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Mr. Michael Jack (Fylde) (Con): It is a pleasure to follow my hon. Friend the Member for Weston-Super-Mare (John Penrose). My constituency abuts Blackpool, but unfortunately Blackpool's donkeys perhaps do not quite have the energy to reach my constituency. They can reflect on that point in their hour off. My hon. Friend made a notable maiden speech, speaking without notes but with passion and knowledge about his constituency. He referred to issues such as drugs, planning, housing and transport, all of which will resonate around the House, and told us of his concerns for his elderly constituents, particularly in the context of their pensions and council tax—again issues that were raised with us during the election. I welcome him to the House and congratulate him on his maiden speech.
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I hope that, before I turn to the Bill under discussion, I may refer to my hon. Friend the Member for Chipping Barnet (Mrs. Villiers). I enjoyed her maiden contribution. I say that because, for some years, I lived in Chipping Barnet. May I add one other date to her list of enviable anniversaries—26 May 1979 is a special day because my eldest son Edmund, who is now a doctor, was born on that day in the Victoria maternity hospital. Sadly, it is no longer there, but it has been replaced by a modern hospital.

I shall never forget, some months before Edmund was born, arriving at the hospital with my wife. We were worried whether she was pregnant or not. I said to the nurse there, "I know you deal with the end result, but we are worried about where we get started." We were directed to the family planning clinic down the road.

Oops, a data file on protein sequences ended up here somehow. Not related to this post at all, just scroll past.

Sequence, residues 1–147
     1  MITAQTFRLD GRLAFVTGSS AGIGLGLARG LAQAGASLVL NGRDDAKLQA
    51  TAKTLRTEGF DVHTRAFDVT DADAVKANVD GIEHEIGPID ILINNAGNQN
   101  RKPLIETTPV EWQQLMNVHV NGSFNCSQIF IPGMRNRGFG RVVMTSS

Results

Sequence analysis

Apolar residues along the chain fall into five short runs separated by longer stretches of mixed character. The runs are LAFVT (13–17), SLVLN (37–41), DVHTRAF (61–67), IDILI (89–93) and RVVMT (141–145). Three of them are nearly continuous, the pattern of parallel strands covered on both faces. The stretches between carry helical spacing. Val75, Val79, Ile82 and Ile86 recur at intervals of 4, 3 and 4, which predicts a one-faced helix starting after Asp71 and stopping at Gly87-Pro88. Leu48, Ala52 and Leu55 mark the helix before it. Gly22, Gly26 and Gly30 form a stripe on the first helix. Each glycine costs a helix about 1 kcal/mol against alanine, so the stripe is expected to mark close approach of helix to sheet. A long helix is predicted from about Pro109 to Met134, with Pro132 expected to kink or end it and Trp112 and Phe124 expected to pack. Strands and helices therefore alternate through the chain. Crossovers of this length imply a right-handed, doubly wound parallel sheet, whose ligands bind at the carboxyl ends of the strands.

I was Sydney Chapman's Conservative political centre chairman. I worked very hard for him. He taught me one wonderful political bit of diplomacy. It was manifested when Edmund received a letter from Sydney congratulating him on arriving in the world and on his excellent choice of parents. I have followed the example in that letter with as many young entrants to my constituency as possible. I pass that on to my hon. Friend for her benefit. I could go through many of the other excellent maiden speeches that we have heard, but I will get on with my remarks about the Bill.

The hon. Member for Sherwood (Paddy Tipping) did an excellent job in chairing the sub-Committee of the Environment, Food and Rural Affairs Committee that examined the Bill. I had the privilege as Chairman of the parent Committee to sit on it and to work with him through the Bill. The pre-legislative scrutiny has been much praised by Ministers. I thank them for their observations, but that scrutiny came at a rather late stage within the Committee's more comprehensive inquiry into the delivery of rural services.

It was interesting why we decided that that was a proper area to look at. We wanted to know what the real barriers were in the United Kingdom to the delivery of all those vital services, whether they be transport, health, broadband, new industry or whatever. Co-incidentally, the Government then decided to publish their draft Bill in the context of their rural strategy and invited the Committee at a fairly late stage to conduct pre-legislative scrutiny.

Inevitably, our ability to go into all the aspects of the Bill in real depth was curtailed by the time scale afforded to us and the oncoming rush of the general election. However, before Easter the Committee that was chaired by the hon. Gentleman produced its report.

I gained the impression that in its draft stage the Bill was still a work in progress. There were a lot of rough edges. There were no definitive answers to the question of the information technology systems that will be required to deliver the Bill. I note that in the Government's reply to the Committee's report, there are many references to non-executive directors on the management board for DEFRA having some knowledge about change management and IT, but no significant milestones have been published on that central element, which will be vital if the new agency is to deliver the many services more efficiently, as it claims it will.